Former Radio One disc jockey Dave Lee Travis has told his trial he is "astonished" at sex offence allegations against him and told jurors he is a "normal, decent human being".
As he spent a fourth day in the witness box, Travis repeatedly denied indecently assaulting 10 women and sexually assaulting another in incidents dating back to 1976 and the height of his fame.
Later, the court heard from two of his personal assistants from the 1970s and 1980s, who both described him as "tactile" - but never in a sexual way.
During heated cross-examination by prosecutor Miranda Moore QC, Travis - on trial under his birth name David Griffin - told jurors: "I have not been groping people for 40 years," he said.
Ms Moore said: "It's got you written all over it Mr Griffin. Because you've been doing it for years and getting away with it."
The defendant, known as DLT, replied: "I've not been doing it for years. I've not been getting away with it."
Travis, now 68, told jurors at London's Southwark Crown Court: "These things did not happen. I don't know how I can convince you that they did not happen.
"I'm a normal, decent human being. I play jokes on people. I cuddle people. And if there have been some sexual interactions in the past, it's been consensual.
"It's been suggested that women threw themselves at me - thank God most of them missed."
Asked why the alleged victims would have invented their claims, Travis suggested there were "umpteen reasons", including that they had "dreamt" them.
He also said Twitter and Facebook could be to blame for the women coming forward with similar stories.
Ms Moore said: "The other possibility, of course, is that they're telling the truth and you're telling lies."
Travis replied: "Absolutely, it's their word against mine. This is what this is all about."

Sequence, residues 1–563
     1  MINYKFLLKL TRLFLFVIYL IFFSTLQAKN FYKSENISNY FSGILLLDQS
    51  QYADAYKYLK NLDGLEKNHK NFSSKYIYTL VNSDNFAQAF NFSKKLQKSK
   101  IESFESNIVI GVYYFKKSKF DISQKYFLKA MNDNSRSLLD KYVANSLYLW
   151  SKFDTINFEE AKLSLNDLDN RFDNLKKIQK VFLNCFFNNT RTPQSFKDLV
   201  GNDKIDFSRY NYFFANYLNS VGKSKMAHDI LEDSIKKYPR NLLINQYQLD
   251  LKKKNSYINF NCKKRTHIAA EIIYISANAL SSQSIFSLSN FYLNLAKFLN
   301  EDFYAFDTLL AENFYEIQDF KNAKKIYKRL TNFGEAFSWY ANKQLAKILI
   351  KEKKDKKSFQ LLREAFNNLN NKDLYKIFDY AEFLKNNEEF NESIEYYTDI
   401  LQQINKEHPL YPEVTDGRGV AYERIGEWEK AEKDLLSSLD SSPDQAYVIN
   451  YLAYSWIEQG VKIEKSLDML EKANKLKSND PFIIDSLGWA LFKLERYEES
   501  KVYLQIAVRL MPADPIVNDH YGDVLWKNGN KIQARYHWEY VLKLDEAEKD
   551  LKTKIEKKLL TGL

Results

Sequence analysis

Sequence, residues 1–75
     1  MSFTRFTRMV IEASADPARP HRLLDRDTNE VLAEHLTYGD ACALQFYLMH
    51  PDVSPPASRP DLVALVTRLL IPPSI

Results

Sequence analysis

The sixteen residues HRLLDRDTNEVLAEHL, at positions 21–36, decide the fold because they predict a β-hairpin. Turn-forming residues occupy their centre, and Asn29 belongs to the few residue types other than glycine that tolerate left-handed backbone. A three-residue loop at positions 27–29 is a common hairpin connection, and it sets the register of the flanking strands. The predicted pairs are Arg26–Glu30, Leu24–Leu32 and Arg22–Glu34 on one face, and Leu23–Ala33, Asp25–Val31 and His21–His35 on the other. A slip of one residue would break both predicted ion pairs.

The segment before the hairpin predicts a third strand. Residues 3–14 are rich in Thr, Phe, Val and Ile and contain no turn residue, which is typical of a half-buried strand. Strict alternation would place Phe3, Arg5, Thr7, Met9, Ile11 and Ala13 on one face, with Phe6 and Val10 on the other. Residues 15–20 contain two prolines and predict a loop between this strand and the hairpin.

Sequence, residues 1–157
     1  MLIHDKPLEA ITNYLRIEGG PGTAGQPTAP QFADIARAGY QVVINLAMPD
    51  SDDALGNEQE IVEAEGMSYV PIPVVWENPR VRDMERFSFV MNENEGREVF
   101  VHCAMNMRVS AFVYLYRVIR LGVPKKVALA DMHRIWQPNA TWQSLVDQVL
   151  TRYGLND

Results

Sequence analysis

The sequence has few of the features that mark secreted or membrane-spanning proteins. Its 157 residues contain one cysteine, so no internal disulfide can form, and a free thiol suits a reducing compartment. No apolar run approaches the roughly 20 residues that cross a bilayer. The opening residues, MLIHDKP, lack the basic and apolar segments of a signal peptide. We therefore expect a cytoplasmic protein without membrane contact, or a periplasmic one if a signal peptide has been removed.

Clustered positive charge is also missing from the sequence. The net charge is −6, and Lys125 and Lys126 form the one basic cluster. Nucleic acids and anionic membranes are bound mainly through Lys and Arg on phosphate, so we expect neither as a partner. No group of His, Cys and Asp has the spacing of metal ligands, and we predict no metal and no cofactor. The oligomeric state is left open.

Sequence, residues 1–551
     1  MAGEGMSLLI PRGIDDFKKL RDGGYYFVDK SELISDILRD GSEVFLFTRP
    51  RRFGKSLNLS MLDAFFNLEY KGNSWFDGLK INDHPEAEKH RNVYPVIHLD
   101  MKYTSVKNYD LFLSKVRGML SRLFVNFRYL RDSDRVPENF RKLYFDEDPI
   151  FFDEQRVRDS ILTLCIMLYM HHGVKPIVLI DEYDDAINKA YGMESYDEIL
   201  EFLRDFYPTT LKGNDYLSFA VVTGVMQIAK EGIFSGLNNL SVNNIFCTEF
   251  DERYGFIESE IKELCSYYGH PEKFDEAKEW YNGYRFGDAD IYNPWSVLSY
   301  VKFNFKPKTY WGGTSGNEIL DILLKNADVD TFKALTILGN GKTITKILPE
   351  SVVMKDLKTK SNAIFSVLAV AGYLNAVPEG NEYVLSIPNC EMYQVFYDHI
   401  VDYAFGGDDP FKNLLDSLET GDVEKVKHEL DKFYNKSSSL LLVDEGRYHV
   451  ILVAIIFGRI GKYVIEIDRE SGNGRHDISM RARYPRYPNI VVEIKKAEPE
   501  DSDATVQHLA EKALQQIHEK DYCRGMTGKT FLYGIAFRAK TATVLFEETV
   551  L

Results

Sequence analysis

Travis's former personal assistant Margaret Merritt later told jurors he was a "kind gentleman who used to hug women".
"He was very tactile," she said. "But never ever in a sexual way."
Ms Merritt, who worked as his PA from 1974 to 1976, was asked by Stephen Vullo, for the defence, if she ever saw him acting inappropriately.
"Never, never," she replied. "I didn't hear not one complaint about him.
"He was just always a fun person and people liked to be around him."
Ms Merritt, who said she was a backing singer in 1970s pop group Pickettywitch, told jurors she was "really upset" when the allegations against Travis emerged and called him straight away.
"I was very proud to be working for him," she added.
Amanda Townley, who worked as his personal assistant from 1978 to 1986, was asked by Mr Vullo if she was ever "made to feel uncomfortable" by the defendant.
She replied: "Never at all. He was like my big brother. It was a wonderful job and he was a lovely person.
"He could be tactile. He was warm and welcoming. I personally never felt uncomfortable.
"If I was ever upset or if I had a personal issue, he would give me a hug to say it will get better."
When questioned if she had ever seen Travis acting in an "inappropriate way" with a woman, she told jurors: "I wouldn't have turned up for work the next morning if I had.
"I have never had any feelings of any doubts or worries and I'm a fairly astute and inquiring type of person."
Travis, from Buckinghamshire, denies 13 indecent assaults and one sexual assault.
The charges relate to allegations from when he was working as a BBC DJ, as a broadcaster with Classic Gold radio, while appearing on Top Of The Pops and when starring in panto.